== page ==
Move over, Big Mac: LYFE Kitchen plans to bring health to fast food

Move over, Big Mac: LYFE Kitchen plans to bring health to fast food

Two former McDonald’s execs team up with an Oprah celebrity chef to launch healthy fast food chain. Consumers applaud the concept, but will sourcing issues slow LYFE’s expansion plans or force it to backpedal on its sustainability goals?

The healthy revolution in the fat- and sodium-filled world of fast food is set to receive a shot of adrenaline this summer when a former McDonald’s executive, two celebrity chefs and an investment banker open LYFE Kitchen. The new chain is the latest in a growing list of restaurants featuring healthful food at affordable prices and via a convenient “fast casual” format.

Based in Chicago, LYFE—which stands for Love Your Food Everyday—is set to open its first restaurant in Palo Alto, California, in June. This will be followed by the opening of several additional Northern California locations and eventually as many as 250 additional LYFE Kitchen restaurants nationwide over the next five years, the Chicago Tribune reports. The business is being run by former McDonald’s President and COO Mike Roberts and investment banker Stephen Sidwell, who have paired up with former Oprah personal chef Art Smith and Tal Ronnen, a well-known vegan and vegetarian chef.

"With two celebrated, taste-making chefs and a talented team of leaders and advisers, we believe LYFE Kitchen is a response to one of America's most significant unmet needs: the consumer's demand for delicious, affordable food that is good for you," said Roberts, who is LYFE’s CEO, in a statement.

LYFE’s vegan-friendly menu will feature oven-baked sweet potato fries; sweet corn chowder with cashew cream, vine-ripened tomatoes and fresh chives; Art’s Unfried Chicken, with all-natural barbeque sauce, roasted kaboucha squash and Brussels sprouts; and wild mushroom flatbread, with goat cheese, aged balsamic, and choice of Italian turkey sausage or Gardein Italian sausage. Burgers will be available, but they will be made from Niman Ranch premium beef and feature romaine, tomato, red onion, agave pickles, agave ketchup, LYFE’s signature sauce and a multi-grain roll.

The Chicago Tribune reports that at LYFE “butter, cream and high-fructose corn syrup are banned, and none of the food is fried.” No dish will have more than 600 calories, the company says, and every menu item will “feature responsibly sourced ingredients, from local farms and sustainable whenever possible, and will rely on herbs, spices, fruits and vegetables to enhance the flavor profile.”

The company is also focused on building a socially responsible brand that is engaged in philanthropy. “We believe it is equally important to serve great-tasting, affordable food that is good for you as it is to serve the community around us,” LYFE writes on its Facebook page.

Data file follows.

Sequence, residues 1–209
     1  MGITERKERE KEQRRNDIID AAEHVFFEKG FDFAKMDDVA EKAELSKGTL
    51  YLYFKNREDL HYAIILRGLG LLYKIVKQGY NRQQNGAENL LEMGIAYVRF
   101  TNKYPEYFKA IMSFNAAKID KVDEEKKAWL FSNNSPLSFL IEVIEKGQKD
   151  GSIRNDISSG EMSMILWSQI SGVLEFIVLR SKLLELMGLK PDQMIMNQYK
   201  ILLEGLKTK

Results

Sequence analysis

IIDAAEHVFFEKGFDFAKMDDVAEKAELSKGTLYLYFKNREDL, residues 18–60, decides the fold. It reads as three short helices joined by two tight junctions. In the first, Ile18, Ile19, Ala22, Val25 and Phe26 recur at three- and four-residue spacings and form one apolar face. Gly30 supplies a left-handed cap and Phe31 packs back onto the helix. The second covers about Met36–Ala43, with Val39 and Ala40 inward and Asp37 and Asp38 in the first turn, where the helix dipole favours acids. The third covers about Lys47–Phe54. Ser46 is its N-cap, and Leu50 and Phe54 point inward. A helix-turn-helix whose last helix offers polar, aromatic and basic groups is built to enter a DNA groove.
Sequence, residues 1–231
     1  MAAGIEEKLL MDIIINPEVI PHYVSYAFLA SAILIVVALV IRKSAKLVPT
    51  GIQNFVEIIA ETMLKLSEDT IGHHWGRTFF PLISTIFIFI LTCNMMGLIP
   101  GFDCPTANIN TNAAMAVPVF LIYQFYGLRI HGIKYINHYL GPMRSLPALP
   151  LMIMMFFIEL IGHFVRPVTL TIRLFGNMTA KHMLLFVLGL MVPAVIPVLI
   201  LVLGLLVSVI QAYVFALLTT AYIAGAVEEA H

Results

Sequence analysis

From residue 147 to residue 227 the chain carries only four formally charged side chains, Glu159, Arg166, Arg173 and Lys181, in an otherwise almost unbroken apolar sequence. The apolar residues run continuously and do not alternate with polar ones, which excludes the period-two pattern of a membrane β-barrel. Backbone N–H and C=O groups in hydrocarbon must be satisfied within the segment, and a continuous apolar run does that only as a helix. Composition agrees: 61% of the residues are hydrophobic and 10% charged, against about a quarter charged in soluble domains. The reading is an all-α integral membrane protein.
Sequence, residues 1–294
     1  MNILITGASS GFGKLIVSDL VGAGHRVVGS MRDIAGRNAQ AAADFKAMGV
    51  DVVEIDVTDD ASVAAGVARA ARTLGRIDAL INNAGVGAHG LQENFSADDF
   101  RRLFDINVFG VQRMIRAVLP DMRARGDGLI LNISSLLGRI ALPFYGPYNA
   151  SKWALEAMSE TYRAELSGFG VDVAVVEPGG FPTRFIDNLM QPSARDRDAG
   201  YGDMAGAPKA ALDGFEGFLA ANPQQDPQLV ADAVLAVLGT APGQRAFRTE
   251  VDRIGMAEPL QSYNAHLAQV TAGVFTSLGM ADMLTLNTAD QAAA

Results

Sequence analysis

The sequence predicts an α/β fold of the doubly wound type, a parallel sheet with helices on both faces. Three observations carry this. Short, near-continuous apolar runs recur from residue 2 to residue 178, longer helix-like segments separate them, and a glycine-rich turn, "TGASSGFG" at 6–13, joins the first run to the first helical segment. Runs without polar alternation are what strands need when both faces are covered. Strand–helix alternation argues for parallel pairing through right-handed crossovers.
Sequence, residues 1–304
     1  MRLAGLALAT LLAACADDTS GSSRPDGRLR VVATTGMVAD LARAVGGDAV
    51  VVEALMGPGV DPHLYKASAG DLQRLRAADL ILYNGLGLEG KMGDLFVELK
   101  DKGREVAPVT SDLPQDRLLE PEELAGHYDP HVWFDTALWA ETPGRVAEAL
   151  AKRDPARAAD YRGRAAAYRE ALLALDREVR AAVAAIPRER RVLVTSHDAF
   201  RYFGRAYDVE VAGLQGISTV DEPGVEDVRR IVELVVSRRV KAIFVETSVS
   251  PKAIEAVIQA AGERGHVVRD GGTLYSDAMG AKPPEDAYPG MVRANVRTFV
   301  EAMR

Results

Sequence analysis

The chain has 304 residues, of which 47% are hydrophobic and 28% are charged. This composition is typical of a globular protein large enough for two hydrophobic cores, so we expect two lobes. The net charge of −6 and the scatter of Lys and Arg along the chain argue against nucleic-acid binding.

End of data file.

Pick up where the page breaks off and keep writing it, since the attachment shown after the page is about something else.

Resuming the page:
Consumers plead for LYFE to come to their towns

LYFE has already amassed several hundred fans on its Facebook page, where supporters are praising the company’s mission of offering healthier fast food and begging for LYFE to open in their areas.  “Please oh please come to LaGrange, GA!” posted one fan.

“It’s about time!” wrote another. “We NEED this in Abilene, TX. There is nothing remotely healthy to eat here, when it comes to restaurants. I hope it will be GMO free and all organic. Some gluten free options would be wonderful, as well.”

Yet another fan offered this sensible advice for LYFE: “Price the menu reasonably, and advertise it as heavily and effectively as McDonald’s. Then I’ll start eating out again.”

Will LYFE face sourcing issues?

LYFE is certainly not the first fast-food or fast-casual restaurant to embrace such lofty goals in the areas of healthy eating and sustainable sourcing.

Chipotle Mexican Grill has built a healthy and fast-growing business through its mission of serving “food with integrity.” According to Nutrition Business Journal, Chipotle now operates more than 950 locations and generated more than $1.5 billion in sales in 2009. The company sells more naturally raised meat and poultry than any other restaurant in the United States, and it has been working to increase the amount of natural and organic beans, vegetables and dairy products it uses in its operations.

But has Chipotle and other purveyors of healthy, responsibly produced food have learned, it’s not easy to meet the sourcing needs of a rapidly expanding restaurant chain with locally and sustainably produced ingredients. As Chipotle noted in its 2009 annual report, the supply shortages forced the company to temporarily suspend serving naturally raised chicken in certain limited restaurants and that securing relationships with suppliers who meet its sustainability criteria takes longer and is more expensive than if the company were to work with conventional suppliers.

Still, as NBJ reported in its 2010 Nutrition Industry Overview issue, Chipotle’s commitment to sustainable, healthy ingredients is one of the driving forces behind its success.

Reading the posts on LYFE’s Facebook page illustrate that consumers will support the new restaurant concept—if the company is able to hold to its sourcing and menu plans.

Writes one fan: “Vegetarians and other restricted-diet people who have nearly no fast food options will love you forever if you do this right.”

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